Nowadays, everyone has a multitude of online accounts such as Gmail, Facebook and Twitter. But, have you ever wondered what would happen to your email virtual heritage (Outlook, Hotmail, Gmail, etc.), social media (Facebook, Twitter, etc.), clouds or cloud (Dropbox, Icloud, etc.? ) and other digital accounts upon your death?

First of all, it is important to know that the majority of the suppliers, be it Yahoo, Outlook, Dropbox, or others, have a death policy. Unfortunately, despite the adoption of these policies, there is no consistent practice on the fate of your virtual heritage after your death. Each supplier has its own rules and procedures and we could almost compare the current situation in the Wild West.

The only aspect that seems to be unanimous is that none of these providers will accept to give you the password of the deceased user. In addition, in the majority of cases, the account will be closed, without access to its content (e-mails, photos, etc.). Thus, Yahoo, iCloud and Twitter refuse to deliver the contents of the account, but allow its closure following the request of a person authorized to act in the context of the estate or a family member.

On the other hand, the majority of these suppliers are American companies that are unaware of our laws and who, in many cases, believe that liquidator rhymes with hitman. Kidding aside, it could be very difficult for a liquidator to deal with these suppliers in these circumstances.

For example, Dropbox requires you to have access to the deceased person’s file if you have a “valid legal decision that the deceased gave you a power of attorney over the files in his account after his death.” Obviously, it would be advisable to inform Dropbox that in Quebec a power of attorney no longer has effect after the death and that no legal decision is necessary when the will adequately provides for these questions.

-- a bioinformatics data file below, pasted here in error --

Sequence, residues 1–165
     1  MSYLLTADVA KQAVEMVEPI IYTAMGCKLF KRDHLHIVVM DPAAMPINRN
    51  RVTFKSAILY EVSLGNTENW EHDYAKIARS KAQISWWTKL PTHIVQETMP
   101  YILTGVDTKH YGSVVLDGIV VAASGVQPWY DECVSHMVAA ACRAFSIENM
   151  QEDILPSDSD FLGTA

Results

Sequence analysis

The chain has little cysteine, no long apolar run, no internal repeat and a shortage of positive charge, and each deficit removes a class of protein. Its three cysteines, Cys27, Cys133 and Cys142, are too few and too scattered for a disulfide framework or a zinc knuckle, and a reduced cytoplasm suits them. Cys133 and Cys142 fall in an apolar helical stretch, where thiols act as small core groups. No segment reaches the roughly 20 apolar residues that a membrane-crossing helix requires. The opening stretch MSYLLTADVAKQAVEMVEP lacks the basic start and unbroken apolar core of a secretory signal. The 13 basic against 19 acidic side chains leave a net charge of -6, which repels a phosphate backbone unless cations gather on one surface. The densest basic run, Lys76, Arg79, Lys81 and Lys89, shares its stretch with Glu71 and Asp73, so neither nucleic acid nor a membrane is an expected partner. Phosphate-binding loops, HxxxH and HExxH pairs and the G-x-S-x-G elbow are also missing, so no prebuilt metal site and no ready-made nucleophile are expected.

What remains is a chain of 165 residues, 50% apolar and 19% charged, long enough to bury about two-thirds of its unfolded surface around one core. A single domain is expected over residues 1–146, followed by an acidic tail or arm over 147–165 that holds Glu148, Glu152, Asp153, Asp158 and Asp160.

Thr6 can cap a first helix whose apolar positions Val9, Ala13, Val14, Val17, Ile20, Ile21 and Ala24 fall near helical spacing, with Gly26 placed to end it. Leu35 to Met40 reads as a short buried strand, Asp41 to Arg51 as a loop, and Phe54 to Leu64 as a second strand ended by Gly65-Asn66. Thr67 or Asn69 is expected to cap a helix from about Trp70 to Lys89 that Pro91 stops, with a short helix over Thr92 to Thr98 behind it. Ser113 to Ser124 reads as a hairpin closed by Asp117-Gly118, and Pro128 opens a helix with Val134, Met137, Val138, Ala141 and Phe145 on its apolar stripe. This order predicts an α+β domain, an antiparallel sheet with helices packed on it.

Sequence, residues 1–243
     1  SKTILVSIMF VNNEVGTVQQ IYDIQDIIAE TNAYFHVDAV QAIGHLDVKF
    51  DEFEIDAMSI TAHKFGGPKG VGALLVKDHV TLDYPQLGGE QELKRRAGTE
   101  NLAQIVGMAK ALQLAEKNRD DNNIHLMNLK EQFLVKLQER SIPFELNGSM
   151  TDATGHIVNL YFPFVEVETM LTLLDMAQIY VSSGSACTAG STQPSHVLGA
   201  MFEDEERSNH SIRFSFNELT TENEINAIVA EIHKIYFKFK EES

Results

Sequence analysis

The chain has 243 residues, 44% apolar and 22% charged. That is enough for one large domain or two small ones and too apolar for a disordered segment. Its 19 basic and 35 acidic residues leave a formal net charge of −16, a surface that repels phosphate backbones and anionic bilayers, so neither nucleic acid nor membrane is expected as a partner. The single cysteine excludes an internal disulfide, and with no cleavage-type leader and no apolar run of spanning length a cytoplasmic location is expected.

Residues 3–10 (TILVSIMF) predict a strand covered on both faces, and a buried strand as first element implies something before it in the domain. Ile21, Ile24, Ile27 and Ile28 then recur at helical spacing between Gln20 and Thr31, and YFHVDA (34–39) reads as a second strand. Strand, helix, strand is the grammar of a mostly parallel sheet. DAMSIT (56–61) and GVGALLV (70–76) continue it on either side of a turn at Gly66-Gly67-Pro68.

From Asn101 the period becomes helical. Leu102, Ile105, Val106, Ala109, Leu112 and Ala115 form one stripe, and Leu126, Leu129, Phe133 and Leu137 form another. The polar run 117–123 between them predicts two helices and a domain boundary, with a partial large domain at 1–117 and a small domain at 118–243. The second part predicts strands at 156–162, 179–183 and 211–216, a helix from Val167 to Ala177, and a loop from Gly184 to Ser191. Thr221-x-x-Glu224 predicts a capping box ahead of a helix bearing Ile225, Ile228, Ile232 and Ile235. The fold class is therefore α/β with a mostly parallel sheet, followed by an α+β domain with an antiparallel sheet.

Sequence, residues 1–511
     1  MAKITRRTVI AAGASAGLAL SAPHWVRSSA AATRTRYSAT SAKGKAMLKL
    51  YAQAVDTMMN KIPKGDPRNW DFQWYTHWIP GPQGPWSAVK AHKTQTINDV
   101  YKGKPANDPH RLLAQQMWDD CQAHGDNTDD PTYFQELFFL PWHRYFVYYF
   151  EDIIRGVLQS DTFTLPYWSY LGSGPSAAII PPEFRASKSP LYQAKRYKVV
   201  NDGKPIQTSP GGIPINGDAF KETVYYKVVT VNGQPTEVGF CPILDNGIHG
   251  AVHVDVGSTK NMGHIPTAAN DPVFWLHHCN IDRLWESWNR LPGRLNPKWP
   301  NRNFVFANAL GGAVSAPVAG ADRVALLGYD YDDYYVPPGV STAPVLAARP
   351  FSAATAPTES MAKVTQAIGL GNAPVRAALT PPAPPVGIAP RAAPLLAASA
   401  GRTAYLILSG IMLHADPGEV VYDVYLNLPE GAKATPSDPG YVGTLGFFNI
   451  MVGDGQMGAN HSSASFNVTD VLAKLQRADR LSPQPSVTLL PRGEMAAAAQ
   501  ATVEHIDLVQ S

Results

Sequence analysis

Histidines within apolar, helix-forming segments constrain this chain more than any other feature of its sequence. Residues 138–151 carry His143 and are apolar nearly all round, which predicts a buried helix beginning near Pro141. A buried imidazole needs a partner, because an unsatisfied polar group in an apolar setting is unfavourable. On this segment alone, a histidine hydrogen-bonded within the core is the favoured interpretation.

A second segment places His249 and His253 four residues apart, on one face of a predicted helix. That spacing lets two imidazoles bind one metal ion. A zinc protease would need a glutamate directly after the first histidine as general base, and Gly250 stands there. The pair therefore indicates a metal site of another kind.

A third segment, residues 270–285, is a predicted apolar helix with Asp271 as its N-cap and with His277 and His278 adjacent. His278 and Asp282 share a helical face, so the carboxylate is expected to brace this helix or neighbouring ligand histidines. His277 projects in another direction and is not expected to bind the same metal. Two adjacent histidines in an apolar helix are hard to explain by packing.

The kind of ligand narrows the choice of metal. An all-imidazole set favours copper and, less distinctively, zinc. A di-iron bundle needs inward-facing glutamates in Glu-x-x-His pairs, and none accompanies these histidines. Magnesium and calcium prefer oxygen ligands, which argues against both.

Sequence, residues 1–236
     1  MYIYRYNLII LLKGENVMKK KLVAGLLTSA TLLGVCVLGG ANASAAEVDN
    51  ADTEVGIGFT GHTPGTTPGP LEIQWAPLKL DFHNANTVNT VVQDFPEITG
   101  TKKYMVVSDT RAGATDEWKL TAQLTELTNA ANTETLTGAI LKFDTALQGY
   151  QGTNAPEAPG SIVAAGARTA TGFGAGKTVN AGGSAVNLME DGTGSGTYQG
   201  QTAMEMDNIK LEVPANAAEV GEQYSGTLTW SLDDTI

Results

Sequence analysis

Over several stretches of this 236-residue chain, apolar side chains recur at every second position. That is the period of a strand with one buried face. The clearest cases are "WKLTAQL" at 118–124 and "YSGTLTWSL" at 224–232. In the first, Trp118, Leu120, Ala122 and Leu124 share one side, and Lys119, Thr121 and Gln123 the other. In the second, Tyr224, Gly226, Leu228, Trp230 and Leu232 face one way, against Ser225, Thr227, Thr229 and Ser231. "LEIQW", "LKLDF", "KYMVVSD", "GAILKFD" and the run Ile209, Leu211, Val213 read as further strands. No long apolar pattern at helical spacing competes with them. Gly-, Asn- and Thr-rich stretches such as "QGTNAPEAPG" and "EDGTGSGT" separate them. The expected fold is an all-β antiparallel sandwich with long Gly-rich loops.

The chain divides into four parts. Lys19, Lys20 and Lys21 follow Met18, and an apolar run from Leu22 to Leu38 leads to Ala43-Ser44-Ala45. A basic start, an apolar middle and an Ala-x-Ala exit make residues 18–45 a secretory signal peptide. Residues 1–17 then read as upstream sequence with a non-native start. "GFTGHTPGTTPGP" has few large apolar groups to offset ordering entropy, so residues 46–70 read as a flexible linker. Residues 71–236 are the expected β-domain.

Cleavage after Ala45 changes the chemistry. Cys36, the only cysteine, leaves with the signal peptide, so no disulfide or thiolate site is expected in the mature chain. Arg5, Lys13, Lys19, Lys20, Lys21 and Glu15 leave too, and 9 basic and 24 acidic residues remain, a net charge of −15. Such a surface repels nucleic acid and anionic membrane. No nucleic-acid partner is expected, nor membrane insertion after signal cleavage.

Outlook has also adopted its own policy, the “Procedure for Close Relatives” that allows delivery of the content to the next of kin and / or closing of the account. However, although Outlook recognizes the status of an executor, as he calls it, it seems that their procedure is based more on French laws than on Quebec laws. You will have to explain to Outlook that in Quebec, proof of death, birth and marriage, are not issued by the City Council, but rather by the Registrar of Civil Status. Others have decided to follow suit and allow you to predict what will happen to your account when you die.

For example, Facebook allows you to choose between deleting your account or creating a commemoration page. Google has created the “Inactive Account Manager” allowing users to share some of their account data or to notify a contact if their account is inactive for a period of time.

In summary, although the majority of these providers have adopted procedures in the event of death, several difficulties may arise. Thus, to facilitate the administration and transmission of your virtual heritage, it would be desirable to insert a clause in your will dealing with this aspect. For example, you could grant the power to your liquidator to access the contents of your accounts or at least authorize them to close them. It would also be prudent to inventory in writing, for example in a patrimonial balance sheet, your accounts and usernames. However, we do not recommend that you enter your passwords to protect the confidentiality of this information. Finally, if you have, like many others, abandoned invoices and paper statements in favour of e-mails, consider completing a property balance sheet and updating it regularly so that your liquidator can navigate it.

Feel free to talk to your notary about these issues. He can help you plan the transmission of your virtual heritage.